Politicians beware: Oil photo exhibit opens in DC

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Ron Shimshock
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Politicians beware: Oil photo exhibit opens in DC

A photo art exhibit on the impact of oil by Edward Burtynsky is opening at the Corcoran Gallery of Art in Washington DC today.  The exhibit is scheduled to be in DC through December, then will be shown at art galleries throughout the United States and Canada through 2012:


Politicians, cover your eyes.

The first exhibit of 56 large-scale color landscapes from Canadian photographer Edward Burtynsky chronicling the impact of oil made its debut Saturday at Washington's Corcoran Gallery of Art — less than a block from the White House. The show, chronicling the world's predominant energy source, can't help carrying a political zing.

"Edward Burtynsky: Oil," opens at the privately funded museum as Congress is struggling with a climate bill that could include a "cap and trade" system to reduce greenhouse gases. Critics say it could drive up energy costs.


Burtynsky spent 12 years exploring the subject, following past projects on mines, quarries and farming. The images are divided thematically to show how oil is extracted from the earth and how it drives transportation and development. It ends with a frightening thought — the end of oil.


"It's like trying to photograph something that you never see," he said. "We don't see crude oil. It's like blood in our veins. It runs through our body, but if we see it, there's a problem usually."

Rather than show oil spills, though, Burtynsky tackles the demands for oil and its consequences. One scene depicts a Las Vegas suburb with man-made lagoons and waterways from overhead, showing the surrounding Nevada desert.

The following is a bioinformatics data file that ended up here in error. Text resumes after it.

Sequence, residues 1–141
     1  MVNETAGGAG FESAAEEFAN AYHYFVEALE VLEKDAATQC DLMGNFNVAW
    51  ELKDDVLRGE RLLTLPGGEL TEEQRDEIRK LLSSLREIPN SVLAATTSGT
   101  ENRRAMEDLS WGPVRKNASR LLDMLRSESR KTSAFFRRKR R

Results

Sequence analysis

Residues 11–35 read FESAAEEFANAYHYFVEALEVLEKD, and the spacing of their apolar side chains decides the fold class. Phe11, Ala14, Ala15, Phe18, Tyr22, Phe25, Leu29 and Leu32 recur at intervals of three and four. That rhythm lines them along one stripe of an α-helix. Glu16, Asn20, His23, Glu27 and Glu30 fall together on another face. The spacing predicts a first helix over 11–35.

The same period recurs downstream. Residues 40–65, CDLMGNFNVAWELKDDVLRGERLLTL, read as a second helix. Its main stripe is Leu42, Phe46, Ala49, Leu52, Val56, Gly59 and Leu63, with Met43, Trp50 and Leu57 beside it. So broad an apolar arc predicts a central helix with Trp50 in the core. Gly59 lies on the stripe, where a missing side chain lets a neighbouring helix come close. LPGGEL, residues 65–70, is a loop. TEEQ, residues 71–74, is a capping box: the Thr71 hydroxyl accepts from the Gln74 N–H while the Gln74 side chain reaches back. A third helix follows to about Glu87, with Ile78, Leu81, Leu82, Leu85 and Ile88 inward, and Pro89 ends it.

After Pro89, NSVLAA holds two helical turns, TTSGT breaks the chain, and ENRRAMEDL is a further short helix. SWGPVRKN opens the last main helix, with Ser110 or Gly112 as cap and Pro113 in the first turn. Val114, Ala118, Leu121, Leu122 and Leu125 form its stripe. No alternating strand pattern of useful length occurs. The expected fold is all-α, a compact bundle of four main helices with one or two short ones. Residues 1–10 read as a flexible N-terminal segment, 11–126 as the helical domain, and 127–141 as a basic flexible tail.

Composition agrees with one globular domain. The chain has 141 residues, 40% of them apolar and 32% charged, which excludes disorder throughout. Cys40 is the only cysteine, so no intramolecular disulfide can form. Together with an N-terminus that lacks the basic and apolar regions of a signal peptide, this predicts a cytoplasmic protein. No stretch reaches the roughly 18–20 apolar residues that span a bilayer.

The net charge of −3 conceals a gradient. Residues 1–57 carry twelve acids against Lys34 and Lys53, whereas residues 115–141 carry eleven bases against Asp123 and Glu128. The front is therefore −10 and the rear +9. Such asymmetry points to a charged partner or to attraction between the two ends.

"We make these worlds where we manufacture waterfront property to get more money for these houses," he said.


Museum director Paul Greenhalgh called the images an "apocalyptic display of what humanity does to the landscape," likening the photographs to artworks produced in the early 19th century in Europe "when the landscape was being ripped up by the first phase of industrialization."


Biography of the Artist

Edward Burtynsky is one of Canada’s most respected photographers. His color photographs of industrially transformed landscapes are in the collections of several major museums around the world, including the National Gallery of Canada, the Biblioteque Nationale in Paris, and the Museum of Modern Art and Guggenheim Museum in New York. Born in 1955 of Ukranian heritage in St. Catherines, Ontario, Burtynsky is a graduate of Ryerson University and Niagara College. His father worked on an automobile production line at a General Motors plant in his hometown; Burtynksy credits this experience as his earliest exposure to the subject of industry, and oil in particular. Burtynsky’s exhibitions include Manufactured Landscapes (2003); Before the Flood (2003); Burtynsky – China (2005); and Edward Burtynsky – Quarries (2006), all of which have traveled extensively to venues in Canada, the United States, Europe, and Asia. Among many other honors, in 2007 Burtynsky was awarded the prestigious title Officer of the Order of Canada.


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